• Sharp dissection on the adventitial layer of an involved artery after preceding neoadjuvant treatment.

Regarding the first approach, this has been described in a Japanese 21-patient series by Miyazaki et al. (29) for partial and total duodenopancreatectomy. In this collective, 20/21 patients underwent hepatic artery resection without reconstruction, 12 of these patients had received a preoperative embolization of the common hepatic artery with the aim of collateral vessel formation. Except for a postoperative temporary increase of liver enzymes, there was no relevant morbidity associated with this procedure and a CA 19-9 level of 400 kU/L was shown to be an adequate cut-off for oncological patient selection for this procedure (29).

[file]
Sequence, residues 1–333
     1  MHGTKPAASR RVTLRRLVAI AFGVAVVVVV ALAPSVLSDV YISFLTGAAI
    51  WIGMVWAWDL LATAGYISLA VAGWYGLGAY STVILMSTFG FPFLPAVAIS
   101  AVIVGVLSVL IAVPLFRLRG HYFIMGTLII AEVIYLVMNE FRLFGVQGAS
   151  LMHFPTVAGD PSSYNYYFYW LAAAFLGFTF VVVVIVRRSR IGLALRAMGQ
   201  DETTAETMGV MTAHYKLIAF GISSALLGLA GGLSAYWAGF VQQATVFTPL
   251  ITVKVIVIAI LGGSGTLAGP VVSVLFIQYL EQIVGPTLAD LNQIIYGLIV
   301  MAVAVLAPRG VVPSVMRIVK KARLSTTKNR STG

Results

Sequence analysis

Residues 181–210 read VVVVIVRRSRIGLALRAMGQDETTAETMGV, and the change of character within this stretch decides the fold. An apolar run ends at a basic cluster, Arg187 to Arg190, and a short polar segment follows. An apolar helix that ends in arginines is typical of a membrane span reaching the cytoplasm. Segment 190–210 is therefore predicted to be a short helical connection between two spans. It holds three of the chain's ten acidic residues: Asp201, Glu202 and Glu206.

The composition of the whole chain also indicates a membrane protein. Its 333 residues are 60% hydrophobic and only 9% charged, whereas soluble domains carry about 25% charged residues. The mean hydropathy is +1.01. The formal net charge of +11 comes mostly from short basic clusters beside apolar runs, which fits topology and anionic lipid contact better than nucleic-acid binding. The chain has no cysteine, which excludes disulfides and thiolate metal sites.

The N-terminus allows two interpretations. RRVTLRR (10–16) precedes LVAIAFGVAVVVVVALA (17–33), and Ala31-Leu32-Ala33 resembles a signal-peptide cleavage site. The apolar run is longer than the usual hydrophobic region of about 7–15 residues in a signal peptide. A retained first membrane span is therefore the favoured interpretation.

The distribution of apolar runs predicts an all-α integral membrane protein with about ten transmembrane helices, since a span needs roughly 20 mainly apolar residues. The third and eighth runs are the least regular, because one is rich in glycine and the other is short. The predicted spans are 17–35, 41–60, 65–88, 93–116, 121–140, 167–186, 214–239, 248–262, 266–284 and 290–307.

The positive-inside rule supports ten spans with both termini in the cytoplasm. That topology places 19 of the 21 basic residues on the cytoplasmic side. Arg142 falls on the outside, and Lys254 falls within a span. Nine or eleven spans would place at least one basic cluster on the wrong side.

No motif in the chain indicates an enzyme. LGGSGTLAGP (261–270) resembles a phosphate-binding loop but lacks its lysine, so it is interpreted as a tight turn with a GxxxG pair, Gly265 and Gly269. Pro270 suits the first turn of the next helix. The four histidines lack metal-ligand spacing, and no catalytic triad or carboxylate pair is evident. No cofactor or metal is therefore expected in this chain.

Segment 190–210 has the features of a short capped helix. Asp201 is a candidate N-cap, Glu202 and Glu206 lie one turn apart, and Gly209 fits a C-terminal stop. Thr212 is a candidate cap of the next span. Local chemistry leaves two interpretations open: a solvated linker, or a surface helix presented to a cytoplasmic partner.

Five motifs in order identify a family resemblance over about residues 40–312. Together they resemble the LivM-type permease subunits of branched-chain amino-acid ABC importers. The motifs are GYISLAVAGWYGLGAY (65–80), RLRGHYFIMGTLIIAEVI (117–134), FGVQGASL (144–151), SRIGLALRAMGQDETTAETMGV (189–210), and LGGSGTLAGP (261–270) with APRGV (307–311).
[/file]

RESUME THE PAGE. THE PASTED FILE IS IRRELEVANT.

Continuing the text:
Regarding avoidance of arterial resection despite suspected tumor contact or encasement, neoadjuvant therapy can change surgical techniques as even modern cross-sectional imaging modalities fail to predict true tumor extension accurately (30,31). Therefore, even in locally advanced findings, viable tumor is not necessarily remaining after neoadjuvant therapy and a radical resection may be possible in a high proportion of patients without arterial resection. The technique applied is comparable to a “level 3” dissection as described for upfront surgery by Inoue et al. (32) which implies to carry out the preparation on the adventitial layer of the arterial vessel, presumed that no viable tumor is found in frozen section during exploration. This procedure has been described as the “Triangle” operation and may be applicable for an increasing number of patients following neoadjuvant treatment (33).